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Review: ‘Alien Abduction’s’ time has long passed

‘Alien Abduction’
A scene from “Alien Abduction.”
(JFA Movie, LLC)

As the found-footage horror genre reaches the please-lose-it-again point, “Alien Abduction” arrives to remind us how tedious the camping trip set-up has become as well.

Taking the notorious “ghost lights” above North Carolina’s Brown Mountain as its inspiration, the movie purports to be Air Force-leaked footage from an 11-year-old autistic boy’s camcorder of how things went horribly wrong for his family on a weekend nature outing. (Considering some of the eye-level shots, he must be a very tall 11-year-old.)

Director Matty Beckerman, working from a script by Robert Lewis, likes his close encounters frenetic, video-distorted and oblique, making plenty use of handheld recording chaos to gin up the excitement when mostly you’re thinking you’re not going to really see anything. The occasional glimpses of aliens, meanwhile, hew to the long-fingered, bulbous-headed forms of cheesy UFO tales past. A nice wink-wink touch, sure, but everything else suffers from the tired POV gimmickry, the weak characterizations, the numbing sameness of stuck-in-the-woods-with-dolts narratives.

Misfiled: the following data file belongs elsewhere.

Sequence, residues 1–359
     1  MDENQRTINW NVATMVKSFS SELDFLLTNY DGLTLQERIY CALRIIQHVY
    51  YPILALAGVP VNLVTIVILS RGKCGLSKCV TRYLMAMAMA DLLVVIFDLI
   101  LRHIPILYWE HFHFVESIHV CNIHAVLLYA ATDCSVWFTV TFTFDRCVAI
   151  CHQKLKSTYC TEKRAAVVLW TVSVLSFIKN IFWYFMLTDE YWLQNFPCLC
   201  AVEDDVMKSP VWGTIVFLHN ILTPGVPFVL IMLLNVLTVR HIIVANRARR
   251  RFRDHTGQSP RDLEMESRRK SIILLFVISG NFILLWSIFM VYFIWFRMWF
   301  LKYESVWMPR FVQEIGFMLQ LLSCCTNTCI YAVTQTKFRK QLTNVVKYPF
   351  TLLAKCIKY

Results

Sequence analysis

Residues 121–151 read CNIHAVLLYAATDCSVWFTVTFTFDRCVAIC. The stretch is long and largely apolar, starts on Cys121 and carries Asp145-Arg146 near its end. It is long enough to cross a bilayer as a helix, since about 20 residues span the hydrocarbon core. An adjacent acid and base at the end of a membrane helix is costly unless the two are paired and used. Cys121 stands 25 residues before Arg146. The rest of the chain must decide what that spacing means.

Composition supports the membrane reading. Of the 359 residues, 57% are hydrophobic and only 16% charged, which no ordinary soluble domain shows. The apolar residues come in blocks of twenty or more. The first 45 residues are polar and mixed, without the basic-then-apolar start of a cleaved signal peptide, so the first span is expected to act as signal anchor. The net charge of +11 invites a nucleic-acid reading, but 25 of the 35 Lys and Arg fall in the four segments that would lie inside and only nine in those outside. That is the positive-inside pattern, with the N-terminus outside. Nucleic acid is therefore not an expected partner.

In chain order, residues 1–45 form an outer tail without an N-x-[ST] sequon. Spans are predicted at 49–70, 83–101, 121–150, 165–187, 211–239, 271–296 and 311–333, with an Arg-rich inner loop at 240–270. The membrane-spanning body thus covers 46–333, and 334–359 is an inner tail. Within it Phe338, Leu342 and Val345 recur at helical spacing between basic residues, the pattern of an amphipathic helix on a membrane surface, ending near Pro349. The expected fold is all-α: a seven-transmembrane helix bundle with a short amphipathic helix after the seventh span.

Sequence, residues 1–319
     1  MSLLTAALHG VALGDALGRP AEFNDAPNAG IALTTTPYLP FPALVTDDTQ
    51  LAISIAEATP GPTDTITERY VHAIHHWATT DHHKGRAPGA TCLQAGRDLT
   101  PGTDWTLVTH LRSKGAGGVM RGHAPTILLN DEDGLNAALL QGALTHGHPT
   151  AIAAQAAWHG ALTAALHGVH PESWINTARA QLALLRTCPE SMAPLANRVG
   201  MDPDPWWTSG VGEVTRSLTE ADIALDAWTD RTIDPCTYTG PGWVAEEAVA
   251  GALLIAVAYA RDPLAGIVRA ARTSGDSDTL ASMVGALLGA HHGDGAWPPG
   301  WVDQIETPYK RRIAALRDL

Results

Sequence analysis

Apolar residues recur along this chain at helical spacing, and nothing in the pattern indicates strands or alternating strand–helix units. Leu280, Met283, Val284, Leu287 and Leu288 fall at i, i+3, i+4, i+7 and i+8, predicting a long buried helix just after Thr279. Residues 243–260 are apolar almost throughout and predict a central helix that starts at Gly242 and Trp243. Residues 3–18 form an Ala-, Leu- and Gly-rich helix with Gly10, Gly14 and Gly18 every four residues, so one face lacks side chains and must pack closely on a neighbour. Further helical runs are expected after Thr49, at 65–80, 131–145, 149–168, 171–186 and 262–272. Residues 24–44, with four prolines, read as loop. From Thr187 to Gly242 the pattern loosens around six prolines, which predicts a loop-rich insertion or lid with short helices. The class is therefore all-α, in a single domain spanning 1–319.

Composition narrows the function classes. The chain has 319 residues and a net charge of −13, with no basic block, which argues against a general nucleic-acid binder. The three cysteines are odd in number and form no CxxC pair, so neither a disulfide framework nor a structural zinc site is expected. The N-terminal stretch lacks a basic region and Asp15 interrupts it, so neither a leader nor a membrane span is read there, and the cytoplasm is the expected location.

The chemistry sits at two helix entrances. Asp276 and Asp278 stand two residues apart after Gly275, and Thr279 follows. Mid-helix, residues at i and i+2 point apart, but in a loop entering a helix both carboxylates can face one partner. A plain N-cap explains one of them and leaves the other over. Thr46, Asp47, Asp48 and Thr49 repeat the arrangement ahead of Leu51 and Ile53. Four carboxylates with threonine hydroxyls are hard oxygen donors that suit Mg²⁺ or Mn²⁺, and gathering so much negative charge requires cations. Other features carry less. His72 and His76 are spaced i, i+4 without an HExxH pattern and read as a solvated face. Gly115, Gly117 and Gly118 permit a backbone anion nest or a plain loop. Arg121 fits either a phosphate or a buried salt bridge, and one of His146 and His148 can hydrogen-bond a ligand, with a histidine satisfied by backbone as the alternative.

The forced excuse for why our young chronicler keeps a camera going at all times — including when loved ones are screaming — is that it’s an obsessive, comforting tic for someone with autism. Bring on the red low-battery signal in the corner of the frame, please.

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“Alien Abduction”

Running time: 1 hour, 25 minutes

MPAA rating: None

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Playing: At the Arena Cinema, Hollywood


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